When studying art history, it is imperative to look into Roman architecture. The Romans have managed to create a new life for themselves with what little tools and technology they had. In this essay we will look at four examples of how they have advanced architecture for not only themselves, but for us in today’s current history.
The first photo we look at is the Column of Trajan. It is in Rome and was constructed by Damascus. This column is made of marble, has an overall height with the base of 125, and the column alone is 978. If we laid it out flat the frieze the winds down the shaft would be 625 feet long. The column includes more than 2,500 individual figures linked by landscape. Also, it originally had a statue of Trajan on top, but was later replaced with St. Peter. As if just looking at it was not enough they constructed it where you can go inside it and climb the staircase all the way to the top to look down at everything. This s triumphal column, of the victory in the Decian wars, shows how the Romans are capable of constructing anything. The Column of Trajan merely depicts one of the minor architectural accomplishments.
Next, is the photo of the Pantheon. The Pantheon, also built in Rome, is a temple to Mars, Venus, and Julius Caesar. This temple was constructed during the reigns of Augustus but was completed between the reigns of Trajan and Hadrian. However, I believe it was commissioned by Agrippa. There are many things going on with the amazing work of art. The building itself is actually circular with Corinthian columns under the pediment. Then, a very rectangular vestibule connects to the rotunda (circular room). The rotunda sits under the oculus which is the round opening in the center. It is almost like a skylight. The oculus is not the only beautiful aspect of the ceiling. There are also coffers that are these gorgeous panels in the ceiling. The Pantheon is made out of concrete which is one of great inventions. It is so durable because they used volcanic ash! This wise discovery prevents cracks from spreading.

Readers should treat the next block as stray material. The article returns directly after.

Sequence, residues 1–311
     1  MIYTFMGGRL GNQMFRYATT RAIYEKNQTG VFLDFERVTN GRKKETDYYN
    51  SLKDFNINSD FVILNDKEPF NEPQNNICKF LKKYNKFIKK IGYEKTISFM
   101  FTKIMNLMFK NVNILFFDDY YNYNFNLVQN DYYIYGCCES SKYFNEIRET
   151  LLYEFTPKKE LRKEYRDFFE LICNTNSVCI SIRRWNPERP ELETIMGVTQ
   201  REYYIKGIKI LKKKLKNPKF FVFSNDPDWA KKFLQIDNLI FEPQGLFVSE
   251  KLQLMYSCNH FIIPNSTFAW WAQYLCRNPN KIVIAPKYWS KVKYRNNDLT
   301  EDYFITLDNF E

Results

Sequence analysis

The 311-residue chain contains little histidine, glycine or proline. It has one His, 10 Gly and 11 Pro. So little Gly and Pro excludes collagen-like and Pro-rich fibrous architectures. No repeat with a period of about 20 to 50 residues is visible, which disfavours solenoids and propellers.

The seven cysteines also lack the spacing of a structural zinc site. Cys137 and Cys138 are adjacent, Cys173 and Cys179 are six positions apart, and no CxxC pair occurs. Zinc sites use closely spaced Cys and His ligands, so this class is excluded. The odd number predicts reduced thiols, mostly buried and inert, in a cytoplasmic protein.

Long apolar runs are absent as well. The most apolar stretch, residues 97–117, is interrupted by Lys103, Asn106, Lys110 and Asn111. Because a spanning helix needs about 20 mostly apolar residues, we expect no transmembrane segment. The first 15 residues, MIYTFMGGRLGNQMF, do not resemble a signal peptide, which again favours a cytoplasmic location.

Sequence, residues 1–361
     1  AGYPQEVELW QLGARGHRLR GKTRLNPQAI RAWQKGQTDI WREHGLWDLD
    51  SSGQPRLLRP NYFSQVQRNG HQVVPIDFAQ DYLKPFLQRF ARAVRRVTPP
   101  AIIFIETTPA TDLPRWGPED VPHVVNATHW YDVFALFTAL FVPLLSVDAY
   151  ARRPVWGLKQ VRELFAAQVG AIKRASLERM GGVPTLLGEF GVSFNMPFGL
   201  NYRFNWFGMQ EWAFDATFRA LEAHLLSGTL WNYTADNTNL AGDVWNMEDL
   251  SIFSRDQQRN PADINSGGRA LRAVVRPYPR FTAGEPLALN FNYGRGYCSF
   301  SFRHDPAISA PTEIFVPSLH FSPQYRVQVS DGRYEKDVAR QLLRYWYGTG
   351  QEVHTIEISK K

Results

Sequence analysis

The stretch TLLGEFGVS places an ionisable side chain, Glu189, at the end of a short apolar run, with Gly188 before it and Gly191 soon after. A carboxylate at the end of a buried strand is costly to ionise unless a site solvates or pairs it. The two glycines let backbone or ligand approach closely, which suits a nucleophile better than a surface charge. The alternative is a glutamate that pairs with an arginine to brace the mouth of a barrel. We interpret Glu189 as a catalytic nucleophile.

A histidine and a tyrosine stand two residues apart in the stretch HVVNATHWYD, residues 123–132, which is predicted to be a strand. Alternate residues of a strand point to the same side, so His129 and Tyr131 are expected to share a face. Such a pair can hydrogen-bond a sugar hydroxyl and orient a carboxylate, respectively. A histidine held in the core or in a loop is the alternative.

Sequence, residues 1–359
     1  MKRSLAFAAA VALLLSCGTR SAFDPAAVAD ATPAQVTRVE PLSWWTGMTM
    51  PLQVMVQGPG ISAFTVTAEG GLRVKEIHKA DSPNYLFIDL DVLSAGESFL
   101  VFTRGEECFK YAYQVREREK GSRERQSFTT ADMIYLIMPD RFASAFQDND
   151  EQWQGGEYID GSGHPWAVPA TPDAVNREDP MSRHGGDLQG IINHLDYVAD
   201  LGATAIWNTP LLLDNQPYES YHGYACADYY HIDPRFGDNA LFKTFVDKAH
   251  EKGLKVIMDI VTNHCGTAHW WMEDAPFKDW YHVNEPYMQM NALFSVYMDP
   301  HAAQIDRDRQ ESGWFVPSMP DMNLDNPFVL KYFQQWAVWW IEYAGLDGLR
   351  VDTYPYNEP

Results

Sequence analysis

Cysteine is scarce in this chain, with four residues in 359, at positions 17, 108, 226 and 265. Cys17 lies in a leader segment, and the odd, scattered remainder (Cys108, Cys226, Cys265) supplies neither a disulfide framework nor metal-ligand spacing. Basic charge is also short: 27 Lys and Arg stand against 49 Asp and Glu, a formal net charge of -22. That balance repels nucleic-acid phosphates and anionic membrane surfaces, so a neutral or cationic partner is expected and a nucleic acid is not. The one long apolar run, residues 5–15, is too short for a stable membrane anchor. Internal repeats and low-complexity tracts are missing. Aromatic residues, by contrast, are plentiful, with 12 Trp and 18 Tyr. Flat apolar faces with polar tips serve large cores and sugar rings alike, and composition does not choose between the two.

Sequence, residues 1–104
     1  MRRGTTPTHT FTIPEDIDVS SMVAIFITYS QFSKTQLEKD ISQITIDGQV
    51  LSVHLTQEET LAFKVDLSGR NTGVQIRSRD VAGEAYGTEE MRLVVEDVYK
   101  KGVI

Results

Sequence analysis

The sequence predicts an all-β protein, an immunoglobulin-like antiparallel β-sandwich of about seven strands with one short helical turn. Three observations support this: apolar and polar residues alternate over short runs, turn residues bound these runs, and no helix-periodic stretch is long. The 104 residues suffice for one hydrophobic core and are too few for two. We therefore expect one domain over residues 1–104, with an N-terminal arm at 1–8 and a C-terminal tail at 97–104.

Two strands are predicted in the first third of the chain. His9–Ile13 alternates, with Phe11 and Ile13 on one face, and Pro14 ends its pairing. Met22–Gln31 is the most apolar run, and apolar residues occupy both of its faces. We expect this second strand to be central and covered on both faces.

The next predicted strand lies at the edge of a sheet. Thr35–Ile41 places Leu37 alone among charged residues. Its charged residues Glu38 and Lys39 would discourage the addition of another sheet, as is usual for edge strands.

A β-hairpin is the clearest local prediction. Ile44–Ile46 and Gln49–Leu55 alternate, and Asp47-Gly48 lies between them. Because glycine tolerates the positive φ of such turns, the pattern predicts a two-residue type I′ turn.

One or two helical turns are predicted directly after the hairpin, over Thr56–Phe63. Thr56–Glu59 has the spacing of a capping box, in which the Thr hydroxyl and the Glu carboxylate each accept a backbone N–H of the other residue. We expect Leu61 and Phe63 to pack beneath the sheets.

The second to last photo we look at is the Pont Du Gard also commissioned by Agrippa. This design highlights arch bridge. The Pont Du Gard is a limestone aqueduct that was built in the late first century in Southern France. It is constructed with arcades which are a linear series of arches. Its purpose was to bring water from springs thirty miles to the north using gravity flow. In doing so it provided one-hundred gallons a day for every person. Pont Du Gard really captures success in trying to control nature. The Romans built these because the terrain was uneven. Again, this structure is just another great example of how the Romans were surpassing everyone with their architecture.
Finally, in the bottom right we look at the Baths of Caracalla. This structure was commissioned by Septimius Severus, but later finished by Caracalla. The baths which have a very symmetrical plan are made of brick and concrete covered up by a layer of colorful marble and mosaic. The builders used soaring groin and barrel vaults which allowed for maximum space. There are also large windows that provided natural light. In terms of symmetry the builders grouped the bathing units in the center for the underwater furnaces. The Baths of Caracalla were not just for bathing. They also had exercise rooms, shops, latrines, and dressing rooms.
In the end, the Romans really advanced architecture for not only themselves, but for us. Because of their advancements with concrete and many other things we are able to even surpass them. Our world is forever changed because of many of their advancements like the Column of Trajan, the Pantheon, the Pont Du Gard, and the Baths of Caracalla.
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